‘I wasn’t the pilot – I was high on drugs’

A TV producer has denied being the pilot of a helicopter used in a spectacular robbery at a Stockholm cash depot - telling the court he was high on drugs on the night in question.

'I wasn't the pilot - I was high on drugs'

The man, 35, told Stockholm District Court that he was working overtime on the night of the robbery at the G4S cash depot in Västberga last September. He said that on that night he had been taking illegal drugs and was stressed about an important meeting the following day.

He told the court that he had suffered from drug problems for four or five years and on the night in question had met a number of people to buy drugs. He said that until that night, he had been off drugs for some time.

“What happened is something of which I am incredibly ashamed. I had a relapse,” he said.

The man procured the drugs by using a pay-as-you-go mobile that had been lying in his car for some time, and which contained numbers to old contacts.

“I am ashamed that I still had it, but I did. I used it to sent a number of text messages, and eventually I got hold of a person and narcotics,” he said.

The man said he only had a vague recollection of the night’s events, but he described the angst-ridden hours during which he claims he was wrestling with the decision to buy drugs.

Later during the evening the man said his car was involved in a crash with another vehicle. After this, he continued to the Kungsholmen district to buy more drugs. The man said several times that he was in bad shape during the night and was uncertain about what happened.

At one point in the cross examination, the man grew noticeably irritated at prosecutor Björn Frithiof’s line of questioning:

“I remember fragments of what happened, but the memories are partially blurred. It really depends on how significant the events were,” the man said.

The man was asked why his DNA was found on a GPS unit and on cable ties found in the helicopter.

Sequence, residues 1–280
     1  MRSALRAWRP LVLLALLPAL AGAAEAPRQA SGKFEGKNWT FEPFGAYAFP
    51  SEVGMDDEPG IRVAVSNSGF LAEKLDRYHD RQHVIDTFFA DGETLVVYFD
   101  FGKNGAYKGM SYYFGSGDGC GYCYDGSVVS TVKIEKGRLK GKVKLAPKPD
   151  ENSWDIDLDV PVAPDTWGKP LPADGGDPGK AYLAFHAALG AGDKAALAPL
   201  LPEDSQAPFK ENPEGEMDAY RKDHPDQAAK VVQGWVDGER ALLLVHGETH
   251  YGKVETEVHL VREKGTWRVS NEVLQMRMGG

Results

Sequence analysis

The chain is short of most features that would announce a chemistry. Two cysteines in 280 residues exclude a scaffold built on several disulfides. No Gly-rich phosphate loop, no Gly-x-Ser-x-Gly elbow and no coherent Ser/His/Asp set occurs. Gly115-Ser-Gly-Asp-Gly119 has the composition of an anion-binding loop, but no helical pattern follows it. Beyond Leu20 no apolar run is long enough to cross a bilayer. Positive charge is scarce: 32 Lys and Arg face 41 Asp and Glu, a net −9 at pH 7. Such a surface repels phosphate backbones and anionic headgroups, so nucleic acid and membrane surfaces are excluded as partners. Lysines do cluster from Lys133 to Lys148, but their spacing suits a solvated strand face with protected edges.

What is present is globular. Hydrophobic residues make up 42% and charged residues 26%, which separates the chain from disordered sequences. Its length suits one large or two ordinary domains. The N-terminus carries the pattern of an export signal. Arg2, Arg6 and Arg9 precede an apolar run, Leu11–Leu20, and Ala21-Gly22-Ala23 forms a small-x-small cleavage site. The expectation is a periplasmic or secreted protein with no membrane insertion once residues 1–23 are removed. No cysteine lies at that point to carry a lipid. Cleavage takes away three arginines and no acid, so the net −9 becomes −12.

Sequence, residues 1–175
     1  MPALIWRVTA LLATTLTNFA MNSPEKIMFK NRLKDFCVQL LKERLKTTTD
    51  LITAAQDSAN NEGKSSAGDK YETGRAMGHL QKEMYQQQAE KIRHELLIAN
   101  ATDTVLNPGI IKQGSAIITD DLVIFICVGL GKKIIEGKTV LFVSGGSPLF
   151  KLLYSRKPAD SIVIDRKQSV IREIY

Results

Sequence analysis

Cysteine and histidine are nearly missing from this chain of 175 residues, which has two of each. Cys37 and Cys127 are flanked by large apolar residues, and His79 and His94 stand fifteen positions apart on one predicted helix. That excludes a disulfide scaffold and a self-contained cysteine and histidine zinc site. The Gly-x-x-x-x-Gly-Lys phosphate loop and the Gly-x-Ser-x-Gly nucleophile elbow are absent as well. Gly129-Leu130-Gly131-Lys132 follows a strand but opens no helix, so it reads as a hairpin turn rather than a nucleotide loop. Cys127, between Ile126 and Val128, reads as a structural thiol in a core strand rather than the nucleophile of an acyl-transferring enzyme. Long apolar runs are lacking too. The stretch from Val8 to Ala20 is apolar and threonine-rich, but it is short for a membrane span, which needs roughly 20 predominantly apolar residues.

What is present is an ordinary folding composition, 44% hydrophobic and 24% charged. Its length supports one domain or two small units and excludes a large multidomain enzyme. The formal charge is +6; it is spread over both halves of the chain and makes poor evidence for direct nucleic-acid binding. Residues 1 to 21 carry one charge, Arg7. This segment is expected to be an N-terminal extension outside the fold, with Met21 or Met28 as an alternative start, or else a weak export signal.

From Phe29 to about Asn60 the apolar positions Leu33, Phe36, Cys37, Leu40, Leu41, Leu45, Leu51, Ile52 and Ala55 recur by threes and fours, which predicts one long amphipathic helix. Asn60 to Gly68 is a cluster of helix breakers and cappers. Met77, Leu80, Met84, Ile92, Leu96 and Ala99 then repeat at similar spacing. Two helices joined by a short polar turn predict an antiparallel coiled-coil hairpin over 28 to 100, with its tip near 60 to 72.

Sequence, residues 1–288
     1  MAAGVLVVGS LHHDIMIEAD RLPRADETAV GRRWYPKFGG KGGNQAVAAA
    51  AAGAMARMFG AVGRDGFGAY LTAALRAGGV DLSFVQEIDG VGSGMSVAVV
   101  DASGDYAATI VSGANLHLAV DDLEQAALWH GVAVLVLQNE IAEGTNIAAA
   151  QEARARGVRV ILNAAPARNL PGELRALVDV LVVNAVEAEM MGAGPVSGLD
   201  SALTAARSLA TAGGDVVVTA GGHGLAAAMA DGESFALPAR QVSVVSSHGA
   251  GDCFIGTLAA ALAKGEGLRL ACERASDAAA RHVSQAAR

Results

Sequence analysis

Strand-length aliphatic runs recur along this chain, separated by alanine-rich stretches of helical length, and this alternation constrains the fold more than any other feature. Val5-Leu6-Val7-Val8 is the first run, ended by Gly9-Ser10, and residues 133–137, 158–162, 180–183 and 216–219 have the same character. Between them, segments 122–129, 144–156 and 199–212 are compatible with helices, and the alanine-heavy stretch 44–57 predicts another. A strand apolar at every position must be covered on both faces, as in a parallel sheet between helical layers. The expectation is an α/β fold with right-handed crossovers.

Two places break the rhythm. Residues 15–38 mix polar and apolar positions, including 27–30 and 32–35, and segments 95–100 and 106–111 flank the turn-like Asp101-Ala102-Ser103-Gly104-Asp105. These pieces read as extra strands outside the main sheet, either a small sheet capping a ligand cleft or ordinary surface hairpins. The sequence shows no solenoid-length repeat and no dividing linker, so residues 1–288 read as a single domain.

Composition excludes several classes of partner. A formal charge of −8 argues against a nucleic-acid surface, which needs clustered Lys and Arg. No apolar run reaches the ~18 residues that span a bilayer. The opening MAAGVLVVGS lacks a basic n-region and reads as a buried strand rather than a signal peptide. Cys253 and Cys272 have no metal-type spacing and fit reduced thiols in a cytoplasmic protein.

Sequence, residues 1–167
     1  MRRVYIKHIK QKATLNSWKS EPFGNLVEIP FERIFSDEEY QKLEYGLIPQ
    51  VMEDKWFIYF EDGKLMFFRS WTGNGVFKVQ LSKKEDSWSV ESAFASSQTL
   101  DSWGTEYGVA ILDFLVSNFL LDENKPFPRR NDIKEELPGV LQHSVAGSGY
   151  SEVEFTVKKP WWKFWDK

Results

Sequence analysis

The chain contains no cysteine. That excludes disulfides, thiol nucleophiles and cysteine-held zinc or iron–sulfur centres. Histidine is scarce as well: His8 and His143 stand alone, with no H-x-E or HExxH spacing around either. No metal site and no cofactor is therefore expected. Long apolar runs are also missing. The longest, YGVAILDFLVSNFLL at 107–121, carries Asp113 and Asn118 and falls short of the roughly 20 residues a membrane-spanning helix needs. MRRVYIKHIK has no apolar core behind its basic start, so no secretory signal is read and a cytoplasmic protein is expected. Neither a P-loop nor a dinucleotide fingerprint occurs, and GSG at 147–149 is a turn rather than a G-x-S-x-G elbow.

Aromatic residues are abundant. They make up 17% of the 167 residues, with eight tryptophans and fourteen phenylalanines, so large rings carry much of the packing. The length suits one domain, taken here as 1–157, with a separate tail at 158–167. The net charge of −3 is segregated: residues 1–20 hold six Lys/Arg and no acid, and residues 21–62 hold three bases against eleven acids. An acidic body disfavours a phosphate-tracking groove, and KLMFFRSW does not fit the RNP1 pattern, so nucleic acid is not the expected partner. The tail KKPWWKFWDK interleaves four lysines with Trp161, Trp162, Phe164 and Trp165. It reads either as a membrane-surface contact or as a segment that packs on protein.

“I have been active at the Roslagen [helicopter base] for fifteen years. I have used the helicopter in question during filming over many, many years,” the man said. He added that he believed the cable ties found in the helicopter belonged to him, saying that they had been found with one of his cables.

“The fact that the cable ties have my DNA on them is due to the fact that they used my cable ties. This could very easily have contaminated the GPS unit,” he said.

Frithiof asked the TV producer whether he considered himself capable of carrying out a helicopter landing of the sort executed in the robbery:

“I can’t really grasp how you would dare do something like that. If a rotor blade hits a wall, you die. Also, this is taking place in the dark, using lamps, which is something I have never done,” he said.

Member comments

Log in here to leave a comment.
Become a Member to leave a comment.


Ikea to test cash-free store in Sweden

Swedish furniture giant Ikea is going to use its Gävle location to test out whether it can go completely cash-free nationwide.

Ikea to test cash-free store in Sweden
Ikea will go cash-free throughout Sweden if the test is a success. Photo: TT
Ikea said that customers in Gävle, an eastern city best known for its giant straw Christmas goat, were strongly in favour of abandoning cash. 
“In our surveys, the vast majority of customers have said that cash payments are no longer important. Today we use a fair amount of resources on handling cash but we’d prefer to use them on something else,” Patric Burstein, the head of customer relations at the Gävle store, told Dagens Nyheter. 
Ikea said that its cashless test would begin in Gävle on October 1st. If all goes well, the company plans to eliminate cash payments in all of its Swedish locations. 
Department store Åhléns is also testing the idea of going cashless, with three of its locations currently not accepting cash payments. 
Swedes use their debit cards three times as frequently as most Europeans and with the popularity of smartphone payment apps like Swish, it has been predicted that Sweden will be completely cash-free by 2030.  
The move to ditch cash also has its naysayers, however, with some Swedes worried about the effects on rural areas, pensioners – and personal integrity.